We only count enacted bills (and joint resolutions) that the legislator was the primary sponsor of. While a legislator may lay claim to authoring other bills that became law, such as through companion bills or incorporation into larger bills, these cases are difficult for us to track quantitatively.


 

Bills Out of Committee

Most bills and resolutions languish in committee without any action. Cardin introduced 3 bills in 2013 that got past committee and to the floor for consideration.

Those bills were: S. 247: Harriet Tubman National Historical Parks ...; S. 357: National Blue Alert Act of ...; S. 476: A bill to amend the ...

Compare to all Senate Cmte. Chairs/RkMembs (46th percentile); Senate Democrats (47th percentile); Serving 10+ Years (50th percentile); All Senators (63rd percentile).


 

Powerful Cosponsors

3 of Cardin’s bills and resolutions in 2013 had a cosponsor who was a chair or ranking member of a committee that the bill was referred to. Getting support from committee leaders on relevant committees is a crucial step in moving legislation forward.

Those bills were: S. 357: National Blue Alert Act of ...; S. 1508: Water Infrastructure Resiliency and Sustainability ...; S. 1567: Federal Employee Retroactive Pay Fairness ...

Compare to all Senate Cmte. Chairs/RkMembs (46th percentile); Senate Democrats (49th percentile); Serving 10+ Years (48th percentile); All Senators (61st percentile).


 

Government Transparency

GovTrack looked at whether Cardin supported any of 8 government transparency, accountability, and effectiveness bills in the Senate that we identified in this session. We gave Cardin 1 point, based on one point for cosponsoring and three points for sponsoring any of these bills.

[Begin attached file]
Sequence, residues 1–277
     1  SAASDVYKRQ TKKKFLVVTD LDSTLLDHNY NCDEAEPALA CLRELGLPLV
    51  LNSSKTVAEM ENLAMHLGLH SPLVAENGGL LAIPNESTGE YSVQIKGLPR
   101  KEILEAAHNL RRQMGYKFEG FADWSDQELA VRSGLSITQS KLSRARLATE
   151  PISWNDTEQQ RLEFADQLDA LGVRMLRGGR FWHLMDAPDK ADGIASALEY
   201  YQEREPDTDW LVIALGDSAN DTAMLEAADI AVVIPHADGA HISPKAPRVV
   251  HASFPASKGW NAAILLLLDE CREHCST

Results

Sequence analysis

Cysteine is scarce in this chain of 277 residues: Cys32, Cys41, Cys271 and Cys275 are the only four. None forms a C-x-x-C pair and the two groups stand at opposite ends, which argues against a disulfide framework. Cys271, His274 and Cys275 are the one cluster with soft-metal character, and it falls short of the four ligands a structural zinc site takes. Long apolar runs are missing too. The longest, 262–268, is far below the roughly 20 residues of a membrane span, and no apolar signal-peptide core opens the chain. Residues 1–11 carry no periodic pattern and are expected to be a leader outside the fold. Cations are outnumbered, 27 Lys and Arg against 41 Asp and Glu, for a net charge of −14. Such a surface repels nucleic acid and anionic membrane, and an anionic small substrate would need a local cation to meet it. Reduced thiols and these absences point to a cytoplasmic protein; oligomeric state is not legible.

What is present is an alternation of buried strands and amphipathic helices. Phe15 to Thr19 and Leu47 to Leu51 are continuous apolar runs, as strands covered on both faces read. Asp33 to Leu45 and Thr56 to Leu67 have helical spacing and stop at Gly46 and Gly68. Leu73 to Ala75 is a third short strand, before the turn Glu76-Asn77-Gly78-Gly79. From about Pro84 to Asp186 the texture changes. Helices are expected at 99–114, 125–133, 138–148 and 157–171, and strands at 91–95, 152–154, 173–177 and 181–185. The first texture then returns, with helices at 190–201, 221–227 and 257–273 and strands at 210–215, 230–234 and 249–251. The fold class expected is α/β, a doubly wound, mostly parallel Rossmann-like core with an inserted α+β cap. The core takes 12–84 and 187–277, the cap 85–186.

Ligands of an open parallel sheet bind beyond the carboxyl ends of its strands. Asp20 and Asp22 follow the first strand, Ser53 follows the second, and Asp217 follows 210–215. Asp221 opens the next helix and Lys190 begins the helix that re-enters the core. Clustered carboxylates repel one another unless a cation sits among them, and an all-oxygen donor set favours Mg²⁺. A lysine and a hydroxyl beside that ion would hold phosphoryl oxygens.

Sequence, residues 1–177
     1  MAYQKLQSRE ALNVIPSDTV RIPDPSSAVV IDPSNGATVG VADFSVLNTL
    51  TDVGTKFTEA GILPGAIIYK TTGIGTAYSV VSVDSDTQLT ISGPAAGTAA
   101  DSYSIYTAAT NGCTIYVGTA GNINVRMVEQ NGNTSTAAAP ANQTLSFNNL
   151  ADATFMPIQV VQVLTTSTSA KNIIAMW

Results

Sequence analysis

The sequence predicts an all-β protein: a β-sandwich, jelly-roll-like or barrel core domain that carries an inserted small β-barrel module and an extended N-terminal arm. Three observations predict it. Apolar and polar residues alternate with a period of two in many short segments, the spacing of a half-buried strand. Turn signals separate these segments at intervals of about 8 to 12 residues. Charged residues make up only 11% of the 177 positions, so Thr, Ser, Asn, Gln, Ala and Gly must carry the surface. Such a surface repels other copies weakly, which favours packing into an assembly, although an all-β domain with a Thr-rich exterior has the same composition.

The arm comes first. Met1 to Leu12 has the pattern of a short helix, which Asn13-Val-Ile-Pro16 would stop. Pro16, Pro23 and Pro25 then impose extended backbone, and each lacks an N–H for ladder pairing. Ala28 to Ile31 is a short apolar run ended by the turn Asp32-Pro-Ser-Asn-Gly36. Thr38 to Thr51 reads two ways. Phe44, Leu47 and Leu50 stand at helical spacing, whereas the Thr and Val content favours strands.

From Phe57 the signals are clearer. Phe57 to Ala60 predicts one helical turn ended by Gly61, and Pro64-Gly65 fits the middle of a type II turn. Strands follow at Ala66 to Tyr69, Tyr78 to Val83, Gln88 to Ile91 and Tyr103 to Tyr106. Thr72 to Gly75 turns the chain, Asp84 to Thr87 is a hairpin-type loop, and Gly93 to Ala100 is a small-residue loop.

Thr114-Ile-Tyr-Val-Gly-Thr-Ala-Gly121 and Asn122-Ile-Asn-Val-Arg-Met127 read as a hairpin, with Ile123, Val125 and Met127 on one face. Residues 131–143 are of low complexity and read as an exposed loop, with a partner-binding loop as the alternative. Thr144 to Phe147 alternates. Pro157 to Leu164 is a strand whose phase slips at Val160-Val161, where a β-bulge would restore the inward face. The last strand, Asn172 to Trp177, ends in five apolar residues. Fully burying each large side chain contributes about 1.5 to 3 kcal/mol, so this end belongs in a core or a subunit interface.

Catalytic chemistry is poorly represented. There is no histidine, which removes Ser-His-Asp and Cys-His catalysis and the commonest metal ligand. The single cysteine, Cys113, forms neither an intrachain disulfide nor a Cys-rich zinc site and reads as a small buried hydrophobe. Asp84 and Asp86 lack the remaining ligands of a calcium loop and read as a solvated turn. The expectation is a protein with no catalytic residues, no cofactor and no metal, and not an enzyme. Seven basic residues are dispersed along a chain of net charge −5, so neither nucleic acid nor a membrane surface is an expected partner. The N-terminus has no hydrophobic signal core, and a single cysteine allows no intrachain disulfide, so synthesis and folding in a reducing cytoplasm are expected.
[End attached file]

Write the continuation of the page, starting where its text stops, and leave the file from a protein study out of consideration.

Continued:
Cardin cosponsored S. 375: Senate Campaign Disclosure Parity Act

Compare to all Senate Cmte. Chairs/RkMembs (51st percentile); Senate Democrats (32nd percentile); Serving 10+ Years (48th percentile); All Senators (47th percentile).


Additional Notes

The Speaker’s Votes: Missed votes are not computed for the Speaker of the House. According to current House rules, the Speaker of the House is not required to vote in “ordinary legislative proceedings.” In practice this means the Speaker of the House rarely votes but is not considered absent.

Leadership/Ideology: The leadership and ideology scores are not displayed for Members of Congress who introduced fewer than 10 bills, or, for ideology, for Members of Congress that have a low leadership score, as there is usually not enough data in these cases to compute reliable leadership and ideology statistics.

Missing Bills: We exclude bills from some statistics where the sponsor’s original intent is not in the final bill because the bill’s text was replaced in whole with unrelated provisions (i.e. it became a vehicle for passage of unrelated provisions).

Ranking Members (RkMembs): The chair of a committee is always selected from the political party that holds the most seats in the chamber, called the “majority party”. The “ranking member” (sometimes “RkMembs”) is the title given to the senior-most member of the committee not in the majority party.

Freshmen/Sophomores: Freshmen and sophomores are Members of Congress whose first term (in the same chamber at the end of 2013) was the 113th Congress (freshmen) or 112th (sophomores). Members of Congress who took office within the last few months of a Congress are considered freshmen in the next Congress as well.